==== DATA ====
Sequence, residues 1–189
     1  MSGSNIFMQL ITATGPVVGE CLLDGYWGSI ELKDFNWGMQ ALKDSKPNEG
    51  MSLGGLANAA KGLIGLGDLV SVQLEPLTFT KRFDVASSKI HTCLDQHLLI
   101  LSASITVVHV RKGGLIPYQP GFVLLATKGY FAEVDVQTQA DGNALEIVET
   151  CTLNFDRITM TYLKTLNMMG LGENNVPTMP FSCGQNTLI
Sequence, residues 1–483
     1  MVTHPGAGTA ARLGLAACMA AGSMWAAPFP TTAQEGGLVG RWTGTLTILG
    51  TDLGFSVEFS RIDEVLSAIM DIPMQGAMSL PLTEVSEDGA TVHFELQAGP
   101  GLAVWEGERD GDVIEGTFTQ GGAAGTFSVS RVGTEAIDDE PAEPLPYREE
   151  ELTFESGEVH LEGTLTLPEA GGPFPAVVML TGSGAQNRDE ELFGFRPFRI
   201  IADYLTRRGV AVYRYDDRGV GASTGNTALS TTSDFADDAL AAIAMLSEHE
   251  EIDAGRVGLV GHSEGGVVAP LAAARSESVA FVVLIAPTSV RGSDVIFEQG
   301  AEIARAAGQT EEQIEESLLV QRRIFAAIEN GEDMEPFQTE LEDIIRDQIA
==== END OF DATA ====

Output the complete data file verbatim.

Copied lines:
Sequence, residues 1–189
     1  MSGSNIFMQL ITATGPVVGE CLLDGYWGSI ELKDFNWGMQ ALKDSKPNEG
    51  MSLGGLANAA KGLIGLGDLV SVQLEPLTFT KRFDVASSKI HTCLDQHLLI
   101  LSASITVVHV RKGGLIPYQP GFVLLATKGY FAEVDVQTQA DGNALEIVET
   151  CTLNFDRITM TYLKTLNMMG LGENNVPTMP FSCGQNTLI
Sequence, residues 1–483
     1  MVTHPGAGTA ARLGLAACMA AGSMWAAPFP TTAQEGGLVG RWTGTLTILG
    51  TDLGFSVEFS RIDEVLSAIM DIPMQGAMSL PLTEVSEDGA TVHFELQAGP
   101  GLAVWEGERD GDVIEGTFTQ GGAAGTFSVS RVGTEAIDDE PAEPLPYREE
   151  ELTFESGEVH LEGTLTLPEA GGPFPAVVML TGSGAQNRDE ELFGFRPFRI
   201  IADYLTRRGV AVYRYDDRGV GASTGNTALS TTSDFADDAL AAIAMLSEHE
   251  EIDAGRVGLV GHSEGGVVAP LAAARSESVA FVVLIAPTSV RGSDVIFEQG
   301  AEIARAAGQT EEQIEESLLV QRRIFAAIEN GEDMEPFQTE LEDIIRDQIA